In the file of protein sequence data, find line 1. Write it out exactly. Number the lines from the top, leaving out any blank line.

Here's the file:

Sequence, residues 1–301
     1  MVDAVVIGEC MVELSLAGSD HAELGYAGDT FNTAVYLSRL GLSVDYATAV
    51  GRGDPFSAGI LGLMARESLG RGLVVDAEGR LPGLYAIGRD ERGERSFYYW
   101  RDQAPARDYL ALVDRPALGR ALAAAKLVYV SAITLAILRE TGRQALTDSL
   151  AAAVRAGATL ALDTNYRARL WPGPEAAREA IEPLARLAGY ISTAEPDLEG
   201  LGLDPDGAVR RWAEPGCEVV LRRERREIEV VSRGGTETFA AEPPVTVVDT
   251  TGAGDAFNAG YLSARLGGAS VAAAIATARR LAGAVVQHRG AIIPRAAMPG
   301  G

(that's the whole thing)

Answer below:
Sequence, residues 1–301